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Of Short Sellers, Forests, Coffee Roasters and the RCMP
12/08/2011 8:30 am EST
Selective involvement by governments in the marketplace muddy the waters of crime and market forces says Sunil Vidyarthi of Investor’s Digest of Canada.
The stock market has its own morality and its own set of guiding principles, even though it may seem as if it’s all about money.
If that were the case, then it’ll simply be bad news if, say, Green Mountain Coffee Roasters Inc. (GMCR) falls 70% in a few weeks. It will simply be a case of missed expectations and bad analysis.
But a similar loss in Sino-Forest Corp. (Toronto: TRE), a Toronto-based timberland play, has prompted the Canadian authorities to launch an investigation into the company.
Mind you, if the past is any indication, by the time the case gets to court an entirely new forest will have sprung up where the company supposedly now has none. Just in case you aren’t familiar with the Sino-Forest story because you were travelling in China, here’s a brief synopsis.
The company claims on its Web site that it has “generated profitable growth since 1994 by cultivating and harvesting trees in a sustainable manner.”
“Sino’s principal businesses,” the Web site continues, “include the ownership and management of forest plantation trees, the sale of standing timber and logs and the complementary manufacturing of downstream engineeredwood products.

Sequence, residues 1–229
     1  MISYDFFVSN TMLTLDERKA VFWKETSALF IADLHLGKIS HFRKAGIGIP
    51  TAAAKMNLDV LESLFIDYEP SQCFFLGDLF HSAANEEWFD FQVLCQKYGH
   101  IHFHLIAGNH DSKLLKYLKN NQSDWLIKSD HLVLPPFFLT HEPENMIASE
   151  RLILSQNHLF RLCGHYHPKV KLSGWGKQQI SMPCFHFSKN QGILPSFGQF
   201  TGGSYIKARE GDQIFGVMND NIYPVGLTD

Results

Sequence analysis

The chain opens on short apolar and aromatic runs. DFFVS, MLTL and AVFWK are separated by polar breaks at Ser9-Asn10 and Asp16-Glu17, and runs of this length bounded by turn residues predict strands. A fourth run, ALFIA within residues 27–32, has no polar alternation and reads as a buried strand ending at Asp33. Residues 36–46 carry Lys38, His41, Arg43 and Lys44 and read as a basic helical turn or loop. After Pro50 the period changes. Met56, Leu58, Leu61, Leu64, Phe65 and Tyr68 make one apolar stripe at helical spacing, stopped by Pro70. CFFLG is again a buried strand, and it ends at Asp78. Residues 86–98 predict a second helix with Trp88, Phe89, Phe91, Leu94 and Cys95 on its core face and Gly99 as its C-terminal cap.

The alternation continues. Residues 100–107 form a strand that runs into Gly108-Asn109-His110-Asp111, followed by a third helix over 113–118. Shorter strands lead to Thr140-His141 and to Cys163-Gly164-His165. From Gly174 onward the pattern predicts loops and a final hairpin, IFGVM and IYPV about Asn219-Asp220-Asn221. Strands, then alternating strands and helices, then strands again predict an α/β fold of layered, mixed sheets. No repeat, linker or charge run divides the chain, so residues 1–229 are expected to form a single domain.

From 2005-2010, Sino claims to have averaged compound annual growth rates of 41% in revenue, 24% in diluted earnings per share, and 41% in cash flow from operating activities. The company holds a majority stake in Greenheart Group (094.HK), a Hong Kong-listed company with access to wood fiber in New Zealand and Suriname, South America.
In rhyming off Sino-Forest’s growth rates, I used the verb “claim,” because a few months ago, a self-pronounced US short seller, “Muddy Waters,” charged that all of the company was bogus.
His charge sparked a tumble in Sino’s stock, a company that was once the darling of some of the wisest and smartest folks in business. Even the Ontario Securities Commission got involved, launching an investigation into the company.
Now you know about the only information that’s accurate so far. Everything else, in my mind, is both self-serving and unreliable. If you’ve ever done business outside North America and Europe, what may be considered bribery here passes for sales commissions or fees elsewhere.
Moreover, other than basic math, there’s little in common among global accounting systems. Indeed, even one of Canada’s ex-prime ministers took a big stack of bills in payment for some consulting fee, did he not?
Listen, I’m not trying to justify what’s going on at the sinking forest, I mean Sino-Forest. I wouldn’t dare do that for all the tea (or, is that tree?) in China.
For all I know, these guys at Sino are completely innocent. And the company itself just happened to be an unknown enough name for a short seller to pounce on. In fact, this is the key weakness short sellers prey on.